Exploring Volo Bog

Over the Holiday Weekend I felt the need to take a hike. I decided to revisit Volo Bog State Natural Area, where I had been a few times almost a decade ago.


I was pleased to see the preserve was still as nice as I remembered, and that it was quiet in spite of the lovely weather.


Volo Bog is the only quaking bog in Illinois, and also shows all stages of bog succession.


The eye shape of the bog allows visitors to see all types of vegetation that surround (literally) a bog, from the open pool of water in the center radiating out to a floating map of sphagnum moss, cattails and sedges.


The Friends of Volo Bog campaigned to preserve the bog in 1958, and later protected it from being developed again.


The bog is now a National Natural Landmark, showcasing a microcosm of plant succession, from bog, through wetland, to sedge-grass meadow. The Visitor Center used to be a dairy farm, and has a lovely interactive education center.


Upon entering a Western Fox Snake was slithering in its enclosure.


The upstairs room has a plethora of skulls to touch and identify, along with other displays about local flora and fauna. You can also get the trail map and nature guide there.


There is a lovely picnic area with tables and an outdoor privy by the parking lot.


The Bog originated during the Woodfordian Stage of the Wisconsinan Glaciation. As the glaciers melted, numerous depressions formed and developed into lakes.


Volo Bog began filling with vegetation about 6,000 years ago, which subsequently died and formed a peat mat during decomposition.


The combination of sphagnum moss and stagnant water resulted in acidic conditions within the bog community, encouraging other acid-loving plant species, such as leatherleaf, certain specialized orchids, and coniferous tamarack trees to grow. The main attraction is a half-mile boardwalk trail into the lake area of the bog.


From the grassy entrance you walk through a forest of cattails until the vegetation changes.


A seasonal guide gives information at various well-marked spots on what to look for.


I saw a garter snake slither across the board walk, and was greeted with a bullfrog concert in the eye of the bog.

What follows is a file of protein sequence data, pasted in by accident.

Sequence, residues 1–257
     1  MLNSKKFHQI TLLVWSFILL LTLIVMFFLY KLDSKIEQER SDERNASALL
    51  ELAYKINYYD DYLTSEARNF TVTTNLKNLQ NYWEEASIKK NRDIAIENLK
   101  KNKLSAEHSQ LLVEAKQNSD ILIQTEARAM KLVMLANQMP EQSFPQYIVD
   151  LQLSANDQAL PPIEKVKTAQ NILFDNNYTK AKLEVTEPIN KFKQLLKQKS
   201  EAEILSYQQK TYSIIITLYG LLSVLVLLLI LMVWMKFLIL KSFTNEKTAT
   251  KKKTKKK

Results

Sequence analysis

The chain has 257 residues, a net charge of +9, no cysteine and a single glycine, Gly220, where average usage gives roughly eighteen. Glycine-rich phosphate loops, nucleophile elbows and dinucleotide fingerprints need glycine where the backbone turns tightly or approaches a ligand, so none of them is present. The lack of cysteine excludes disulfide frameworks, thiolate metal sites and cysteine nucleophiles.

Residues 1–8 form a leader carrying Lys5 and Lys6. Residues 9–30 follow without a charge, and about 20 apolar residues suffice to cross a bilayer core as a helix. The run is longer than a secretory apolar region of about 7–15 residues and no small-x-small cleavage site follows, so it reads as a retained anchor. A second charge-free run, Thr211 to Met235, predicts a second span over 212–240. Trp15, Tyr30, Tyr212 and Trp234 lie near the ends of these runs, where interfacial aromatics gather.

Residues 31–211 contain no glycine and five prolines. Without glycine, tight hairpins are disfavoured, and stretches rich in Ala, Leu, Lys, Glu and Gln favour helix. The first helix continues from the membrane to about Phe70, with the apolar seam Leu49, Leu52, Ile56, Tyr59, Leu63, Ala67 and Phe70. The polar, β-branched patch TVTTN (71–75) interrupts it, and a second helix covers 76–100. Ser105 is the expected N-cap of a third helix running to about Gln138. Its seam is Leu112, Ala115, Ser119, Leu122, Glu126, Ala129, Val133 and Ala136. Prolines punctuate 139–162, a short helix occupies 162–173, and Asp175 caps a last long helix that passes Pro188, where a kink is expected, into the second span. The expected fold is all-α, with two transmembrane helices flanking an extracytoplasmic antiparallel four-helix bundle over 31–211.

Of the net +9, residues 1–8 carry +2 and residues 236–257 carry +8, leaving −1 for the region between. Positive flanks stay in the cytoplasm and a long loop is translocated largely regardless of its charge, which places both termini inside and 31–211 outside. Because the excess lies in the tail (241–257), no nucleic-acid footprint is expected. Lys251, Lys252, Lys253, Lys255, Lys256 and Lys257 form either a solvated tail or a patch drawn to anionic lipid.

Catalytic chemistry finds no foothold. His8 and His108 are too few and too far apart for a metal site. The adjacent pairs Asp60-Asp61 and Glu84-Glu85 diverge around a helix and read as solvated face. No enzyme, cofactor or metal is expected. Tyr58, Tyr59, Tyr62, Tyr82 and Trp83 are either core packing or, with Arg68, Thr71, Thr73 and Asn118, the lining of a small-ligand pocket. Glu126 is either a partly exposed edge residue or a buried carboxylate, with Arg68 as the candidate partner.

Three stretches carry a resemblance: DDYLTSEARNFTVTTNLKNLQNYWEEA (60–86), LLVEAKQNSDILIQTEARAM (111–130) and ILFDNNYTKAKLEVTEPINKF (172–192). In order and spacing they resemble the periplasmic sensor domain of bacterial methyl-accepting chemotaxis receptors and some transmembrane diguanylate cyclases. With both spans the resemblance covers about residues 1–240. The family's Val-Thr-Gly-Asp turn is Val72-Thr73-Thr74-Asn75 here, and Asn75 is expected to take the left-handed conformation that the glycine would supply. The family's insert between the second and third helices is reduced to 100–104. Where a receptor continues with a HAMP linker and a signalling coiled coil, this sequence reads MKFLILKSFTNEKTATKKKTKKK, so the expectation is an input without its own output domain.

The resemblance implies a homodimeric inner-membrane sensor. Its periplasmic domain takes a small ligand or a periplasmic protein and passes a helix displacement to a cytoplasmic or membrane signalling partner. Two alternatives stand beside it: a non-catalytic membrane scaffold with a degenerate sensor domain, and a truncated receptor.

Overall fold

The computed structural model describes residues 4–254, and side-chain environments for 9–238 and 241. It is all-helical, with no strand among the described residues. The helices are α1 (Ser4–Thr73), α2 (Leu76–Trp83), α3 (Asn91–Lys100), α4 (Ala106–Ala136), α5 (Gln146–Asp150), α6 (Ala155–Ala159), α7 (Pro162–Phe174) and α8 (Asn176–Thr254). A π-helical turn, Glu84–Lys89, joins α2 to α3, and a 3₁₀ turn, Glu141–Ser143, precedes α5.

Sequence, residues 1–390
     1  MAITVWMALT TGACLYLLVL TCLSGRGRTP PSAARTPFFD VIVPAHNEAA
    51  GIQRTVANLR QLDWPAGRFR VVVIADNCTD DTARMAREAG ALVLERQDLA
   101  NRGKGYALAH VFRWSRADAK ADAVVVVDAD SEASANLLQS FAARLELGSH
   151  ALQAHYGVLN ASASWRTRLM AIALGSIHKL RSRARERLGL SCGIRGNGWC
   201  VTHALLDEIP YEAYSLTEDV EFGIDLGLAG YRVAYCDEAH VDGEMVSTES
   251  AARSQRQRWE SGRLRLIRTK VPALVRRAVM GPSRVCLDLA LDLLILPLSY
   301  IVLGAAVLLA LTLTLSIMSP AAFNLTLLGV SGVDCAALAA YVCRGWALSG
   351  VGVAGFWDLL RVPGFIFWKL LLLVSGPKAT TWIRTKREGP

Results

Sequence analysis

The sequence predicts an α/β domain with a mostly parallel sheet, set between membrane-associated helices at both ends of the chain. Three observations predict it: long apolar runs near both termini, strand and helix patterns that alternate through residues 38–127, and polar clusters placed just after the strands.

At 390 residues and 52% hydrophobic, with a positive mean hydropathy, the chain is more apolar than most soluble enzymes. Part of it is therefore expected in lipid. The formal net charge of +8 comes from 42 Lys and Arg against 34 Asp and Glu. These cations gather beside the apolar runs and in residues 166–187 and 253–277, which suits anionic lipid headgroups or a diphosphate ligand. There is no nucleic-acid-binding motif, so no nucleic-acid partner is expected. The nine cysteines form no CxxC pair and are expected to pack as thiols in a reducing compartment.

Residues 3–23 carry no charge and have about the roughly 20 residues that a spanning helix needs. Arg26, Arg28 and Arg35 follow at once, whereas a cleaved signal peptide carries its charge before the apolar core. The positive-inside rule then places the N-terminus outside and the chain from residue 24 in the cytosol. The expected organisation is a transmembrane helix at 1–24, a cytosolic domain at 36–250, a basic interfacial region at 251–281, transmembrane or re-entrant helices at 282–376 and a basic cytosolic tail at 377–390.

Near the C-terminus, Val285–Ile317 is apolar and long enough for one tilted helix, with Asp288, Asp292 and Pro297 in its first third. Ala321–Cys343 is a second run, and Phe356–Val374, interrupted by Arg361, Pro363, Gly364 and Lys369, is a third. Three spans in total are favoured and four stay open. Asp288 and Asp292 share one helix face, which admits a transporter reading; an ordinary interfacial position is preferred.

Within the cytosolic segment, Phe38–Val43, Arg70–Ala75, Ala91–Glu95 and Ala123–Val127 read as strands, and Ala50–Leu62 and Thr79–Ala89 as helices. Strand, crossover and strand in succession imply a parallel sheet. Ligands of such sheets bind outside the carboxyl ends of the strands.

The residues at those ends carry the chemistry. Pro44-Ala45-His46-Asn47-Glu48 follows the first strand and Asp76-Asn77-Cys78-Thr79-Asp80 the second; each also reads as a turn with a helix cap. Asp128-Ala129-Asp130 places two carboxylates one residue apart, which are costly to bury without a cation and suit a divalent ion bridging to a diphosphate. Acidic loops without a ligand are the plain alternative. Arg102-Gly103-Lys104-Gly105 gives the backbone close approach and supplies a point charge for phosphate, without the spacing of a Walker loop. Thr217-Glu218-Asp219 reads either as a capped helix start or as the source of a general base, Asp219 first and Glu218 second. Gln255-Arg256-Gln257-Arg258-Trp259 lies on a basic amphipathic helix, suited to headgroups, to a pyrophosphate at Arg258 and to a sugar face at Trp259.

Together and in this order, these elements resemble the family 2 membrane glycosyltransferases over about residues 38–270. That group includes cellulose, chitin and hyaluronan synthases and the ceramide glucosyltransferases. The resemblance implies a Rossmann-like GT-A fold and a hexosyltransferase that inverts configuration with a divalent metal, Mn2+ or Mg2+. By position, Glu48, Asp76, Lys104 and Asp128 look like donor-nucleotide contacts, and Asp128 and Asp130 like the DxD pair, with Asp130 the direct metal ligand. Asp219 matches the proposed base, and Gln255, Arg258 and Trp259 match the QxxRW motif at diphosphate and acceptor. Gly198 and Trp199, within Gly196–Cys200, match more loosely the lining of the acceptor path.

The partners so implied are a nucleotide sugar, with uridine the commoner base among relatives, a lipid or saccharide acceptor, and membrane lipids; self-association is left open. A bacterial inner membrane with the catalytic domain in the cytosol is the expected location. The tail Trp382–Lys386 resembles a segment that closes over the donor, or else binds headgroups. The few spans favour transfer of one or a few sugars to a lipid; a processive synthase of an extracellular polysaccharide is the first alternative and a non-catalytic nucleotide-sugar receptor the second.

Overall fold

Frogs are everywhere. Lin’s Domain says the frog totem symbolizes metamorphosis into one’s personal power and reminds us to not get bogged down (haha) with day-to-day living.


I also spotted some turtles, and helpful teens pointed out a catfish in the other pond area where tadpoles were abundant.


I then took the 2.5 mile trail surrounding the bog. There is a lovely play area for kids where they can interact with nature.


I spotted some beaks peeking out of bird-hatcheries, and enjoyed the variety of bird, cricket and for noises throughout the trail.


It got a bit hot along the way, but fortunately there are rest areas.


After some fortification and hydration I carried on.


A marker directed me toward the observation ‘tower’ which seemed further than it looked on the map.


I found was a small observation hut on ground level.


I came upon some lovely insects along the way.


Markers indicated which way to go and how far I had gone along the trail.


I also passed other walkers along the trail, so it was a lovely blend of being solitary without feeling lost.


As I reached the picnic area, I was at the same level of two herons, just separated by a meter of shrubbery. Watching them walk past was magical.


Herons have powerful independent and solitary energy. I rested my feet for a bit before getting back in the car.


Volo has a car museum as well, but I haven’t visited that yet.


Illinois has lots of places to hike and stretch one’s legs, so I will make it a point to go on more excursions this summer.


Check out what the Friends of Volo Bog are up to here.


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